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Alison Arnopp steps into the shoes of Dusty Springfield

PUBLISHED: 15:43 10 September 2015 | UPDATED: 15:43 10 September 2015

Alison Arnopp as Dusty Springfield. Picture: Elliott Franks

Alison Arnopp as Dusty Springfield. Picture: Elliott Franks

2015 © Elliott Franks

Ahead of the new jukebox musical Dusty, the Finsbury Park actress tells Bridget Galton why the legendary diva’s music remains in ‘people’s hearts and minds’.

Bringing the life of legendary soul star Dusty Springfield to the stage has been a bumpy ride.

The technically complex multi-media musical in which live performers interact with archive footage and 3D holgrams, was originally due to open in June, but has been radically reworked over months of previews during which all but three of the original cast left the show.

Now a Finsbury Park actress has stepped in three weeks before press night to take the lead role of the singer whose hits include Son of A Preacher Man, I Just Don’t Know What to do With Myself and You Don’t Have To Say You Love Me.

Irish-born Alison Arnopp is grabbing her big break with both hands.

“I got this audition and got lucky, it’s all happened so quickly. I’ve had two and a half weeks to learn everything, but I’ve been waiting for this chance for so long, I’m not going to sit around and complain about it, you have to get up and do it!”

Arnopp, who moved to London five years ago to study singing at the Royal College of Music, says she’s taking the punishing rehearsal schedule in her stride and using the nerves as “positive energy”.

“At the moment I am most nervous about the quick costume changes whether my trousers are zipped and blouses buttoned in time and I’m wearing the right wig – I’ve got six!”

Dusty was born into an Irish Catholic family – in a maternity home in Fordwych Road, West Hampstead on April 16, 1939.

Christened Mary O’Brien, her birth certificate gives her parents’ address as a mansion block in “Paddington W9” but they soon moved to Ealing where the young Mary shared a love of singing with older brother Dion as they listened to their tax consultant father’s blues and jazz records.

The star later said she fell in love with the voice of Peggy Lee and by the age of 10, announced to the nuns at her convent school that she wanted to be a blues singer. Around the same time, she acquired the nickname Dusty for her tomboyish habit of getting dirty playing football.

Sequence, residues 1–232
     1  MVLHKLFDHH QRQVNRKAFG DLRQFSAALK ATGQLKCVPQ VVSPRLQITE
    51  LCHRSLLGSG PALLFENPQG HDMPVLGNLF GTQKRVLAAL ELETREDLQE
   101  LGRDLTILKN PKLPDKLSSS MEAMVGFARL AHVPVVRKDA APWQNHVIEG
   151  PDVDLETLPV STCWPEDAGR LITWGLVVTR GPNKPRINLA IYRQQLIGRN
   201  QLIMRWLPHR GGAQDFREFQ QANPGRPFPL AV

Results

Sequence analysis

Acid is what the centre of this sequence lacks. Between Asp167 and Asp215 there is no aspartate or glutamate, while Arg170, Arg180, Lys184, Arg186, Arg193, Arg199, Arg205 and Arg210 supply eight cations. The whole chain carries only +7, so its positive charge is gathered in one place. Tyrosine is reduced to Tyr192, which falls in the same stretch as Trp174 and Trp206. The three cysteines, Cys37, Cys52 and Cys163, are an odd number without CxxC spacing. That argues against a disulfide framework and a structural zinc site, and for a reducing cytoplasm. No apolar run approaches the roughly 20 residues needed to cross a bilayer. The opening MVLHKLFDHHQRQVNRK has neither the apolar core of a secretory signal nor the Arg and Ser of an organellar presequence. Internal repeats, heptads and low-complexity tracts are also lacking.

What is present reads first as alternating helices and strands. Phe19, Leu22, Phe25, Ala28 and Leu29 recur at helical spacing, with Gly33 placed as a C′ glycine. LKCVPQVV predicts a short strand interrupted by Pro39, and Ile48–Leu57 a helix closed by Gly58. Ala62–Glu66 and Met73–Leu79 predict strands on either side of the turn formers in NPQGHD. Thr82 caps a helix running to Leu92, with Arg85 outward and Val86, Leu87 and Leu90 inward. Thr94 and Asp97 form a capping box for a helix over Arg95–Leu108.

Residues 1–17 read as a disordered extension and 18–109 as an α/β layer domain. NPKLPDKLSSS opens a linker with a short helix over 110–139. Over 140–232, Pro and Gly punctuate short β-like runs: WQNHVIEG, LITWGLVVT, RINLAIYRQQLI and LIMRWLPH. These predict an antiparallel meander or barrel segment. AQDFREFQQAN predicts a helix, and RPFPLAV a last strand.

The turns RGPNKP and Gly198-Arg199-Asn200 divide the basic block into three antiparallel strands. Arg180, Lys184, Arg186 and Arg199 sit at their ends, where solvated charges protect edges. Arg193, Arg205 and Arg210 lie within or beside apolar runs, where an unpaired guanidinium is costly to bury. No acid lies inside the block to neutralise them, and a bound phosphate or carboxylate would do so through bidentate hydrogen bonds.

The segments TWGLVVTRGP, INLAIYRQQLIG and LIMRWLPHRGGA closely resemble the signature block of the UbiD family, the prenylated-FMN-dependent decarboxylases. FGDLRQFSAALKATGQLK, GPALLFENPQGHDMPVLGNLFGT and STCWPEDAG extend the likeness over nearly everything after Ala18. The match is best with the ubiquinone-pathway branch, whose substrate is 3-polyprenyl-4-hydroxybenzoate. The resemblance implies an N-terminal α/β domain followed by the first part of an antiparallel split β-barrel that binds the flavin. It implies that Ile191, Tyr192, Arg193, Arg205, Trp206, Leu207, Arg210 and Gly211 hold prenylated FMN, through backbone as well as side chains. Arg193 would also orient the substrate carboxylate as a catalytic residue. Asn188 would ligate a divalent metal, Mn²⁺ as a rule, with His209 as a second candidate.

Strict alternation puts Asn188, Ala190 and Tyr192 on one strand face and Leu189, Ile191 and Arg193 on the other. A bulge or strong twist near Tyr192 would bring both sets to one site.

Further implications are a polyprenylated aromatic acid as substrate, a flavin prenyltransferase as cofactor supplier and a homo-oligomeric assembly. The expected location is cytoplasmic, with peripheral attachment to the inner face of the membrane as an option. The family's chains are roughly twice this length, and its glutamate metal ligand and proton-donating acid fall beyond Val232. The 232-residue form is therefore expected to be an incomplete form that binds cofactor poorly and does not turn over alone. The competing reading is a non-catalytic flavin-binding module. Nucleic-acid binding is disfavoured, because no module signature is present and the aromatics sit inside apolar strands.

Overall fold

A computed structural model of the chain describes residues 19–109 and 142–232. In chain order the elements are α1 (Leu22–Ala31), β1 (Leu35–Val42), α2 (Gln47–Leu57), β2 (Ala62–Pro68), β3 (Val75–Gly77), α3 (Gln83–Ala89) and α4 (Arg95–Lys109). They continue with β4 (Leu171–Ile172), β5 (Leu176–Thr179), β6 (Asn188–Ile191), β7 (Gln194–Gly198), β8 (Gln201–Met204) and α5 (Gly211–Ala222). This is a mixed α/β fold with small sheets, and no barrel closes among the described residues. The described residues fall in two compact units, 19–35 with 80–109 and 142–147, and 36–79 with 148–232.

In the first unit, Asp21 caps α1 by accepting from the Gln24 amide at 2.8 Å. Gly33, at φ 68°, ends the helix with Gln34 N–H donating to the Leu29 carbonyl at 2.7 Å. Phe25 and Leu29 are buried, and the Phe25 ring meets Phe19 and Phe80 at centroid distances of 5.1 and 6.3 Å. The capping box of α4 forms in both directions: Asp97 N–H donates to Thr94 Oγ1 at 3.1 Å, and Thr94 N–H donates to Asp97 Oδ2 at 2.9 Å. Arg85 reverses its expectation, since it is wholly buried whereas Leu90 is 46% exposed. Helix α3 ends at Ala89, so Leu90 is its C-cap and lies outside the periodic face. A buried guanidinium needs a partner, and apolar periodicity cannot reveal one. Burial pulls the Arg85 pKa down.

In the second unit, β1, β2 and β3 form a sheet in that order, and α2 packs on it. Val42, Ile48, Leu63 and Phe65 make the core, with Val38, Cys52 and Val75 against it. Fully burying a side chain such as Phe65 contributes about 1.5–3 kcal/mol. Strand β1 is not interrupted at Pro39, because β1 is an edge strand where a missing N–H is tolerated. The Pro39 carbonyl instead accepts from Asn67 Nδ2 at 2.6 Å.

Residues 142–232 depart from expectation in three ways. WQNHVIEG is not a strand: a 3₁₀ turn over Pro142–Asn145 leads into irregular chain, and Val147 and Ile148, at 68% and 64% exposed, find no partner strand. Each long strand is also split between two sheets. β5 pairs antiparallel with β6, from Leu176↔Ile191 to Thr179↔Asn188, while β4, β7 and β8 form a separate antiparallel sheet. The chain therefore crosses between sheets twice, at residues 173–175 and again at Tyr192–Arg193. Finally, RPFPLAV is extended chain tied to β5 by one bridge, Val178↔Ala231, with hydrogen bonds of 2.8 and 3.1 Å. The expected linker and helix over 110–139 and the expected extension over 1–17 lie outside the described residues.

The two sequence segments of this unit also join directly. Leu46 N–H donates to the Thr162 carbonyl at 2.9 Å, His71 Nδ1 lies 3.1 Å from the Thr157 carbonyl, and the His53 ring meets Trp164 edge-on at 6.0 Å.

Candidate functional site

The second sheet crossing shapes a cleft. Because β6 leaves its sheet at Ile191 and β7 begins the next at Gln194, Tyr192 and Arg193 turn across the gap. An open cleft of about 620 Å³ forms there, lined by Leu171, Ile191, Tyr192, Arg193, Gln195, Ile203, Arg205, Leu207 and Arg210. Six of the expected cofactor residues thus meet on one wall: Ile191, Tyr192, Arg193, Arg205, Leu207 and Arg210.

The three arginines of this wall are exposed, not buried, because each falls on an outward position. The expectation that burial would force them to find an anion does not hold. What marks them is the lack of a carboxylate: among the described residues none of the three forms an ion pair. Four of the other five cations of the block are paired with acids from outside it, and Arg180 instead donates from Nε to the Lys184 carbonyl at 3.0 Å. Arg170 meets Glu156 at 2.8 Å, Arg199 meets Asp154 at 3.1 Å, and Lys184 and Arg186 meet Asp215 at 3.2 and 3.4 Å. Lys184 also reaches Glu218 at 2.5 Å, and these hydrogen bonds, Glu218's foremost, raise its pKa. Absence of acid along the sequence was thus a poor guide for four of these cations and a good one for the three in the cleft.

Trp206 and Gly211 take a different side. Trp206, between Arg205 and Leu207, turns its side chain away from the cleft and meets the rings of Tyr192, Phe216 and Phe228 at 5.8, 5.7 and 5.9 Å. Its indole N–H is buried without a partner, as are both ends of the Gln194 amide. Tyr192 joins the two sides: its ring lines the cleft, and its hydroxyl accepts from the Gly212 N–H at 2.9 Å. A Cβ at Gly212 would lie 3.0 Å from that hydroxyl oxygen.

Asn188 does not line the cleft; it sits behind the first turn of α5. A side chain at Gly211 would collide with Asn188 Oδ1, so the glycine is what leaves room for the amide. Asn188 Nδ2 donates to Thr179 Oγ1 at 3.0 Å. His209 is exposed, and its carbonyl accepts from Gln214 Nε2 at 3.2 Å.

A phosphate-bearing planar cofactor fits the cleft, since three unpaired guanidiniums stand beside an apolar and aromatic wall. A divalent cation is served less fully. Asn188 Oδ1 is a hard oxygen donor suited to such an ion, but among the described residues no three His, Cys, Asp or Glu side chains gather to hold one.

While still a teenager she successfully auditioned for the Lana Sisters trio, but two years later joined Dion – who changed his name to Tom - and his friend Tim Field forming The Springfields.

After several folk/country hits, on a landmark 1962 trip to Memphis, Dusty heard the Motown sound and there was no looking back.

Married to her husky, bluesy voice it was a match made in heaven and between ’63-69 her brand of “blue-eyed soul” that introduced the British to the sound of black America, would chart 10 top 10 solo singles.

Told through the eyes of childhood friend Nancy Jones, Dusty deals with the singer’s rise to fame and early career, from 15 to the eve of recording her 1969 album Dusty in Memphis.

It includes her deportation from South Africa for refusing to play to segregated audiences, and touches on her bisexuality which she was forced to hide.

Arnopp says: “Growing up I heard lots of her stuff because my dad was a big fan of blues and soul. People say ‘I don’t know her music’ then I sing a couple of hits and they say ‘that’s my favourite song!’ Her music is in people’s minds and hearts.”

At a time when ‘girl’ singers were patronised and sidelined, Dusty was an obsessive perfectionist who took control of her recordings as she pursued the new at the time R&B sound she wanted.

Famous for berating her band if they played a wrong note live, she sought to give her fans an experience as close as possible to the recorded music.

But behind the forceful stage presence, beehives and beaded dresses, lurked crippling self doubt.

Dusty was a shy, insecure woman, prone to mood swings.

“She was wracked with insecurities about how good, how pretty she was and how much she deserved her success,” says Arnopp.

“I can imagine having to hide who you are must have caused a lot of pain. When you know that (she was bisexual) it adds to the special quality of her voice and to those songs about forbidden love.”

Not touched on in the musical are Dusty’s destructive relationships and later battles with illness, addiction, insomnia, and self-harm as her career waned.

Arnopp has watched plenty of archival footage to capture the essence of Dusty’s unique voice, widely recognised as one of the best white soul singers ever.

“I am not setting out to completely mimic her voice, besides some of the songs are used dramatically in the storytelling rather than as recreated performances.

“But I’ve tried to embody as many of her qualities of her voice which has quite a wide, dark seam.”

Coming to the production so late, Arnopp has seen few of the changes that lead to such a long preview period but says:

“It’s technologically complicated and the producers wanted to tweak the script and get everything how they wanted it before press night.”

A spokesman for the show said extensive changes made to the production during previews meant some characters were dropped while others chose to leave the production.

Dusty continued to record, and enjoyed a comeback in the 80s collaborating with The Pet Shop Boys on What Have I Done To Deserve This?

She died of breast cancer in March 1999 at her home in Henley on Thames, a few weeks before her 60th birthday.

Dusty is booking at the Charing Cross Theatre in Villiers St until November. 08444930650.

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